Future Pathways, Scotland's national support service for survivors of abuse in care, analysed the postcodes provided by 1,214 people registered in Scotland to identify their SIMD (Scottish Index of Multiple Deprivations) ranking and found that those registered were more likely to live in areas of deprivation. Material support was noted to continue to be a significant aspect of support, perhaps suggesting the impact of income.[7] Registered users also accessed education or training, suggesting that for adults who have experienced abuse in care material and practical support can be required to support them, working to influence their own outcomes.

Recent years have seen an increased focus on improving educational outcomes for looked after children. This underlines not only the income and employment opportunities that can follow a good education but a better understanding of the social, emotional and attachment needs of children. The independent Scottish Child Abuse Inquiry has noted the concerns from some survivors about their inadequate education and the emotional barriers to learning that they experienced while in care.

From this evidence we can see that it is likely that a number of people affected by our scheme will be also be affected by socio-economic inequalities. We have taken this into account when developing the elements of the redress scheme and the processes involved.

7. What does the evidence suggest about any possible impacts of the policy/programme/decision, as currently planned, on those inequalities of outcome?

A financial payment from the redress scheme will not fully address individual need or indeed inequality. We have had anecdotal feedback from some Advance Payment Scheme applicants that a financial payment has at times offered a material choice or opportunity that otherwise was not available. The emphasis from applicants is however always on meaningful non-financial outcomes such as receiving acknowledgement and recognition of the abuse suffered.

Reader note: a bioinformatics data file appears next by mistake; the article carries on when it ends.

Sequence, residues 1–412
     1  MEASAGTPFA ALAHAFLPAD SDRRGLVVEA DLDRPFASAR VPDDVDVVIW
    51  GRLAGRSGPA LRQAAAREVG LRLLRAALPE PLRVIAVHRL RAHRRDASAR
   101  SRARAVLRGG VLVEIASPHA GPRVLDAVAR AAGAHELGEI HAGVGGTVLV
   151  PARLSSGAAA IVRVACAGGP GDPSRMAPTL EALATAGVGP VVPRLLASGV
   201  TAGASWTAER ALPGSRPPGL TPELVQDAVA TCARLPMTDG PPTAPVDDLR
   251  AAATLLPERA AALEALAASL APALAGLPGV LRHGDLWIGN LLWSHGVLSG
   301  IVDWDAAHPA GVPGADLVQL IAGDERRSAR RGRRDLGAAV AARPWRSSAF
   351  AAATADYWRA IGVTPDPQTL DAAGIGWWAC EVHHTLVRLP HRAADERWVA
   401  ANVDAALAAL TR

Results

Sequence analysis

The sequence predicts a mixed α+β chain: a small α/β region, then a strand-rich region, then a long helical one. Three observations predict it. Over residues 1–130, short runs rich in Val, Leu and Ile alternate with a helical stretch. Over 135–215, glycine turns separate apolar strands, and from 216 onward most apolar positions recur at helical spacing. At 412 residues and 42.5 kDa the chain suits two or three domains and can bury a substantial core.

We are working with DWP, HMRC, DHSC, Northern Irish and Welsh social security colleagues and relevant SG colleagues to secure disregard for our redress payments in relation to benefits, tax and social care entitlement. This will mean that survivors, their next of kin and nominated beneficiaries will not have their benefits, tax or social care entitlements negatively impacted by a redress payment. If this is not in place by the time the scheme opens applicants will have the option of placing their payments in trust so that successful applicants' entitlements are not negatively affected.

We will offer to pay for independent legal advice, which is reasonably incurred, for all applicants. Legal work reasonably undertaken in making an application for redress on behalf of all applicants will be paid up to a fixed fee. An additional sum, in excess of the fixed fee, may also be paid if Redress Scotland are satisfied that there are exceptional or unexpected circumstances which justify it. While not mandatory for applicants, independent legal advice will help to ensure that applicants are provided with as much support as possible to ease their journey through the application process. The payment of legal fees will not be means tested, ensuring all applicants have equal access to independent legal advice regardless of their socioeconomic status. The scheme will also pay for other costs and expenses reasonably incurred by a person in connection with an application to the redress scheme. Details on the types of costs and limits are set out in sections 92 and 93 of the Act and in the Redress for Survivors (Historical Child Abuse in Care) (Reimbursement of Costs and Expenses) (Scotland) Regulations 2021.[8]